Biodiesel is an alternative fuel that can be used in any diesel powered vehicle with little or no modification. It is cleaner burning and is a more environmental friendly fuel alternative. Biodiesel can also be used as a low carbon heating fuel. Over the last few years it has started to gain popularity. Have you ever wondered how this type of fuel is made? This article will give a simple explanation of how biodiesel is made.
How Is biodiesel made?
Biodiesel is typically made using either vegetable oil or animal fat oils mixed with an alcohol. It is made through a chemical process called base catalyzed transesterification. This simply means that the glycerin is separated from the fat or vegetable oil. To achieve this, the oil undergoes a number of steps.
The alcohol, which is commonly methanol, and the vegetable oil or animal fat are mixed together in a large mixing tank. The alcohol mixture also contains a catalyst such as sodium or potassium hydroxide.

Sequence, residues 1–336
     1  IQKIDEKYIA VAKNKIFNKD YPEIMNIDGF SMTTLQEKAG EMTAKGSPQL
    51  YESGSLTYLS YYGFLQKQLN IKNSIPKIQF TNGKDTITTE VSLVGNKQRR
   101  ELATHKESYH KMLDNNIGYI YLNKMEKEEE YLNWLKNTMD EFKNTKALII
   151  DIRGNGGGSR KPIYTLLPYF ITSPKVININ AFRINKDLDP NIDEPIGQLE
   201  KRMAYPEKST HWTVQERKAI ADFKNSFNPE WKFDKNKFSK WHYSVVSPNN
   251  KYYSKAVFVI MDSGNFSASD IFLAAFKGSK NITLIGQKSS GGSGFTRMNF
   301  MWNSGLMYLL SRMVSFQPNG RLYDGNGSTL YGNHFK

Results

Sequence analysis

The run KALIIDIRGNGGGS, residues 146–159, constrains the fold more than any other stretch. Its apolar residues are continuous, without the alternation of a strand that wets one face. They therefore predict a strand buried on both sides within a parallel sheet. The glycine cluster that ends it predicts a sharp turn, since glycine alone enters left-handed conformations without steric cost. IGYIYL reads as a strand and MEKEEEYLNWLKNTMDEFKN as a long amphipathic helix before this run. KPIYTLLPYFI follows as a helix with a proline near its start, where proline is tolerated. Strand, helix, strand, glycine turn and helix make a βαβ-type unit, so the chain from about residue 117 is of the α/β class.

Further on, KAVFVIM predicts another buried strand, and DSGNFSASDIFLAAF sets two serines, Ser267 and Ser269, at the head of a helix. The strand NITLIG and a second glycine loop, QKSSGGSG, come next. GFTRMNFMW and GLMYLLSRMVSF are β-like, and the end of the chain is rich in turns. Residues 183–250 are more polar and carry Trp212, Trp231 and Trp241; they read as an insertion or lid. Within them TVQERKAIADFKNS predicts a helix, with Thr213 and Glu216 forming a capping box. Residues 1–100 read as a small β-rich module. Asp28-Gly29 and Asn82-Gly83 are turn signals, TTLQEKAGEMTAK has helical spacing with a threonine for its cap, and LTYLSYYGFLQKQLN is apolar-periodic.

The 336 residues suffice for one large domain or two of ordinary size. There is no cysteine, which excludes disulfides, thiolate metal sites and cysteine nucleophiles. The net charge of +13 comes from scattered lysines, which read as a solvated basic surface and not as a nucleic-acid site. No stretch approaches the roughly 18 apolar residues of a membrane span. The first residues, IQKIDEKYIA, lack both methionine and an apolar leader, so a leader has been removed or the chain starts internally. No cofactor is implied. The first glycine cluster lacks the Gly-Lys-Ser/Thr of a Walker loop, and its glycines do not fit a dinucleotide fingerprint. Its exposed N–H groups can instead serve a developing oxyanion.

The alcohol mix and the oil in placed in a reactor, which is a closed reaction vessel, and heated to 65 °C (150 °F) and pressurized to 20 psi.
The mixture is then transferred to a settler where the biodiesel and glycerin from the oil or fat separate. As the glycerin is denser than the biodiesel it is simple to siphon it off from the bottom of the tank.
For here the two distinct products biodiesel and glycerin that result from base catalyzed transesterification undergo different processes. The biodiesel is washed, purified and then any excess water is evaporated off the liquid. This results in pure biodiesel or methyl esters. It is then transported to storage area to await transportation.
The glycerin has a mineral acid added to it and it is placed in a distiller where neutralization occurs.
It is then placed in a settler and fatty acids are added. Finally it undergoes evaporation and becomes pure glycerin.
Advantages of Biofuels